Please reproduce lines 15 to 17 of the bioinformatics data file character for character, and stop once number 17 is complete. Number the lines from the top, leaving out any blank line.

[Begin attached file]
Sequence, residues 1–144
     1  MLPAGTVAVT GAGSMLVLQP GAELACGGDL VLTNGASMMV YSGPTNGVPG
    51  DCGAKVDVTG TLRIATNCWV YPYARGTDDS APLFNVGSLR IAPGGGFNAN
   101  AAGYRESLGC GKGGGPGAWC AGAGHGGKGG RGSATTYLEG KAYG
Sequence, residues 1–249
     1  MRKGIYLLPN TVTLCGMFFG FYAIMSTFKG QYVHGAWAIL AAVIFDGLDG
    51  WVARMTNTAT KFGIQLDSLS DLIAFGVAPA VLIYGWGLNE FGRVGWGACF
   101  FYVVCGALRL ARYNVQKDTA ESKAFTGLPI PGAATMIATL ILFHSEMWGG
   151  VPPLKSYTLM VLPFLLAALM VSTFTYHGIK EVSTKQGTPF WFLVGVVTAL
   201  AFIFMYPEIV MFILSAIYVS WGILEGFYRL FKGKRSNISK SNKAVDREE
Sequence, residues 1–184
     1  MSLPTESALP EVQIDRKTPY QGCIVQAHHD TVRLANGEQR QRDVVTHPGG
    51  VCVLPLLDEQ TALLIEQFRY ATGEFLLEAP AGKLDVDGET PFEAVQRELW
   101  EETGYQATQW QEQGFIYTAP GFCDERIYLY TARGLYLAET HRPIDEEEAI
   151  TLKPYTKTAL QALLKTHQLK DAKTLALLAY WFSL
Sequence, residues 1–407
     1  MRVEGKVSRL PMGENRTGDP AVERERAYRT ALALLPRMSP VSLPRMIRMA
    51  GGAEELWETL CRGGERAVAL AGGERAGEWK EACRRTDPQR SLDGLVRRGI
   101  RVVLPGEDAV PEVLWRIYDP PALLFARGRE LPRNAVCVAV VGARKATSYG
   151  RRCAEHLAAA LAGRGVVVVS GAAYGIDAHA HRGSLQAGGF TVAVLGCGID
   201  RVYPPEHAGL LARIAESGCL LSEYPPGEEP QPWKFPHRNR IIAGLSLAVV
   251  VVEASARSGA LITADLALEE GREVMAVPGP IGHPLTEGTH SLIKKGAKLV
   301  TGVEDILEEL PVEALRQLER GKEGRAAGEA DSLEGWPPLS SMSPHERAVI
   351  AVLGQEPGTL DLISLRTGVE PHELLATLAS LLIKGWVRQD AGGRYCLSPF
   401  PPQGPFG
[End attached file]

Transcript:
   151  TLKPYTKTAL QALLKTHQLK DAKTLALLAY WFSL
Sequence, residues 1–407
     1  MRVEGKVSRL PMGENRTGDP AVERERAYRT ALALLPRMSP VSLPRMIRMA